We are currently experiencing network problems with the desktop version of Police Oracle. We hope to have these resolved as soon as possible.

CC Carl Foulkes: “I will absolutely go with a heavy heart”

North Wales Chief Constable Carl Foulkes will leave the force in mid-October. Before he goes, Police Oracle caught up with him for a whistle-stop tour of the last four years.

“I’ve absolutely loved my time here,” he started.

“It genuinely is a great force with great people policing great communities. It’s really family focused - lots of our people work here, and their families are from here - it creates a real sense of value for the local community.” 

“I wanted to make North Wales the safest place in the UK. Have we achieved that? No, we haven't, but is it safe? Absolutely.” 

CC Foulkes told Police Oracle one of his key priorities has been improving the wellbeing offer for staff. That’s not about “pink and fluffy” he clarified, but supporting staff so that they can give their best to the service. 

One of the examples he pulled out was rolling out prostate cancer testing for men - which all those in the service of a certain age can now access. The initiative came from the occupational health team and CC Foulkes said it has saved lives, identified those at high risk and also given men the space to talk about their health and other issues. 

“We can argue, is that a responsibility of policing or not? I think it fundamentally is,” he said. 

Although wellbeing support has been a priority, officers are not exempt from some of the pressures that are being faced across the service - which includes dealing with health-related incidents. 

CC Foulkes himself recently dealt with a road traffic incident where individuals were driven to hospital in a police car because it was quicker than waiting for an ambulance - something he said was neither ideal for the individuals involved nor the officers. 

North Wales has an escalation process in the control room where incidents can be escalated to the ambulance service as well as mental heallth practitioners in the control room who can make decisions around individuals at a scene. 

Also in the works is the possibility of getting clinicians from the Welsh ambulance services into the control room - again to make those real-time decisions and relieve demand on staff. 

Partnership working itself is an approach that could soon be further strengthened with discussions ongoing around a Covenant for Wales. 

CC Foulkes explained: “We've got something here that feels different now, that complements the police covenant which was more broad.

“Ultimately, to some extent, the issues that affect paramedics, affect firefighters, affect police officers and and those that work in prisons are very similar. So if we can work together to do some of this around an emergency services covenant for Wales, I and the other chiefs, and the Welsh Government feel like it's the right thing to do.” 

And is it likely we will see a unison of the Welsh forces any time soon? The North Wales Chief has his hesitations. 

Although he said the 43 force structure absolutely is starting to throw up challenges and needs to be discussed, he is not persuaded by the argument for one Welsh force.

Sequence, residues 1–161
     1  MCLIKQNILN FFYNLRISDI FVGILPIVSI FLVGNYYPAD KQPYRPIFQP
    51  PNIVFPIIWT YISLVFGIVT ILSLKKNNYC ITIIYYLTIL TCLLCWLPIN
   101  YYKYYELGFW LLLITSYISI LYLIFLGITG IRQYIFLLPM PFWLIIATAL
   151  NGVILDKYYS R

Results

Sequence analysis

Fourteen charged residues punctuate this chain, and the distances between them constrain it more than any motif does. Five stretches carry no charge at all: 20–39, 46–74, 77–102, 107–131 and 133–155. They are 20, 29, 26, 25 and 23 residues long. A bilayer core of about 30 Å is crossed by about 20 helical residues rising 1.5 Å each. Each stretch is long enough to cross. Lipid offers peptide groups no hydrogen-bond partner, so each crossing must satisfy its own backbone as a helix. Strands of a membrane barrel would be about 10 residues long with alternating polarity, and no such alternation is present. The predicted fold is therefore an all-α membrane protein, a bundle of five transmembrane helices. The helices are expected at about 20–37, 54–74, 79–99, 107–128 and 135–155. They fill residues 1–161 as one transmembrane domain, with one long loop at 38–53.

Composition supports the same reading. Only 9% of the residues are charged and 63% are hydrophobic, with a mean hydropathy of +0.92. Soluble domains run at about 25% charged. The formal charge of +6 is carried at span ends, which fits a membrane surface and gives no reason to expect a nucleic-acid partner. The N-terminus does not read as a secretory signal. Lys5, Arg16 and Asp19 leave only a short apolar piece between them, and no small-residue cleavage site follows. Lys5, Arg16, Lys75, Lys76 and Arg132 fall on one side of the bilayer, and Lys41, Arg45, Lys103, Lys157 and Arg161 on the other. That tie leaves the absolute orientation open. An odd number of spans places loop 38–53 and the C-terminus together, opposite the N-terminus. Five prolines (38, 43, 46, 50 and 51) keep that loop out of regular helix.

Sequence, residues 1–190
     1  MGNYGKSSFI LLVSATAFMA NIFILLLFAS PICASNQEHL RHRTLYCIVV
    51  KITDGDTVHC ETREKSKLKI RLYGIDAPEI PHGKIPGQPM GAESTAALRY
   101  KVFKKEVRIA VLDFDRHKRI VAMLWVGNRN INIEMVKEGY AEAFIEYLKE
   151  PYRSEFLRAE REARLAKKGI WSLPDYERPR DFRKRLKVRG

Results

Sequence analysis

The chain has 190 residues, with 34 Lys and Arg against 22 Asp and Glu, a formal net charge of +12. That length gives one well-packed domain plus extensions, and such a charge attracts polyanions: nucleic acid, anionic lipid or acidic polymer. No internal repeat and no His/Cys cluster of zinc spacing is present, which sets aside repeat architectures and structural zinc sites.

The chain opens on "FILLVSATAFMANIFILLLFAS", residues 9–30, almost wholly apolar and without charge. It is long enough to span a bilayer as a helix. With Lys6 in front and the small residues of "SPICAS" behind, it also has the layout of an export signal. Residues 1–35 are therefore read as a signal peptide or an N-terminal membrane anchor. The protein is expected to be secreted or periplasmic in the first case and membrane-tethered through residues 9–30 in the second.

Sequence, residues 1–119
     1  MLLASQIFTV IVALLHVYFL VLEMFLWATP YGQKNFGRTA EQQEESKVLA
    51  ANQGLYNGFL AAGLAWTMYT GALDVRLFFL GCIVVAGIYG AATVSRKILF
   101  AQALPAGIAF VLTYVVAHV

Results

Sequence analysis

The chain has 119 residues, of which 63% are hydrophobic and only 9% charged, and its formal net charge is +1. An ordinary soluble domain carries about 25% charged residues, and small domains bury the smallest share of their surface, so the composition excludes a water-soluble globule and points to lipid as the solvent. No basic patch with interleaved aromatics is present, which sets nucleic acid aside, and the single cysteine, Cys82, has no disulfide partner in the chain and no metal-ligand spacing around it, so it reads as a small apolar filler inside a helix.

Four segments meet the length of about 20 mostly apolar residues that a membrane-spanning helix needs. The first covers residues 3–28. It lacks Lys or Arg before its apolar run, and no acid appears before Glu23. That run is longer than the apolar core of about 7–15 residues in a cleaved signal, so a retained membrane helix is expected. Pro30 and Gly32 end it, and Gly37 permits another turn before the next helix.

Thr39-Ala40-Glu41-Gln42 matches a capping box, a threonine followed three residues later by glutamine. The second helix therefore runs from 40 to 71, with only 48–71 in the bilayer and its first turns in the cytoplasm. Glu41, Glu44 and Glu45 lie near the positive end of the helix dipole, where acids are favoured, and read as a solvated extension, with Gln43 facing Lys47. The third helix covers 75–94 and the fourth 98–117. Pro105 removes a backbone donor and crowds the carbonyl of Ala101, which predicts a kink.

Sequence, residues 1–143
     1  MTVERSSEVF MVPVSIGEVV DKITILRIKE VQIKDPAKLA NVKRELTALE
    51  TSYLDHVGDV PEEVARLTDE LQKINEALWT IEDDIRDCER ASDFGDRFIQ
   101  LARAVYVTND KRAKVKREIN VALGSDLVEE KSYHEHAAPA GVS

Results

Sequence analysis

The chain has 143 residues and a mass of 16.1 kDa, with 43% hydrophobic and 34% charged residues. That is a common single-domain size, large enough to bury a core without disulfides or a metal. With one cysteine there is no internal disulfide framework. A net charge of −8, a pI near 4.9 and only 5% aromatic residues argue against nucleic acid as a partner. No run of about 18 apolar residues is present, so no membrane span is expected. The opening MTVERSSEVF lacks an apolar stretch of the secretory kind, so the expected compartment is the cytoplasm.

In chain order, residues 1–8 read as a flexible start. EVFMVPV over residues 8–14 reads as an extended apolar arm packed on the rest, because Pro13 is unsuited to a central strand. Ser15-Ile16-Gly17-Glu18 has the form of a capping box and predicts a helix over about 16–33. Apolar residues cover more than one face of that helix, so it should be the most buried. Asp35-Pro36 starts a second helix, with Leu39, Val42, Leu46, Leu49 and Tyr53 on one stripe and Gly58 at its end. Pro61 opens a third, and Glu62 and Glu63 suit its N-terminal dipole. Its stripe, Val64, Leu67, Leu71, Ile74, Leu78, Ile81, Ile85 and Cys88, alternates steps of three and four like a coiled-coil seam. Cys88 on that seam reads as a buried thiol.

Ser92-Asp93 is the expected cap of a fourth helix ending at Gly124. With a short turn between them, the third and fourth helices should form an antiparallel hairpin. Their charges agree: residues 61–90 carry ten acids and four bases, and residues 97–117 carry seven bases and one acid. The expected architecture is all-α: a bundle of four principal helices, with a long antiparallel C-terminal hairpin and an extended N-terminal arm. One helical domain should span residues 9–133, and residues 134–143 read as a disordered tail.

“When I look at my threat, risk and harm - all my demand comes from the North West and predominately Merseyside. So we work with the North West regional organised crime unit, and GMP and Merseyside,” he explained. 

“Because of the nature of Wales, we don't get a lot of movement from north to south, there's a big mountain range that cuts across it and actually makes it quite difficult.”

Nevertheless, the Welsh language is as important as ever - and learning it was a pledge from himself when he came into the role. He’s made it to level 3, he said, and is comfortable having a conversation now. 

“I do have to remind some of our English colleagues, the responsibilities around the Welsh language are in law in wales. So it's not a ‘nice to do’, it's absolutely fundamental to our delivery and approach under the Welsh Language Act and the Welsh Language Commissioner. Sometimes that nuance is forgotten about. 

“If we can get to a place that that every interaction we can we can have is in the language of choice, that would be fantastic. We're not quite there.” 

He highlighted that individuals would get their language of choice in the control room, most of the stations and in custody - but there are still gaps. 

Dyfed-Powys has recently announced an initiative to offer parts of the PEQF course itself in Welsh which CC Foulkes said was interesting and definitely on North Wales’ radar. 

After a long career, what's the main stand-out?

“The biggest part that I'll miss from this role is the people, because it's what makes the job tick. But if you can make a difference for the people that work for you and the communities you serve, then that's why we do the job we do," he said. 

Leave a Comment
In Other News
Kent Chief Constable leaves force to advise Productivity Review
Profile: for the record
Met's new Commissioner starts briefings - and a search for new top team
Steve Jupp is new national police lead for serious organised crime
Suffolk chief to leave force to take up national policing role
College starts programme to "create leaders at every level"
More News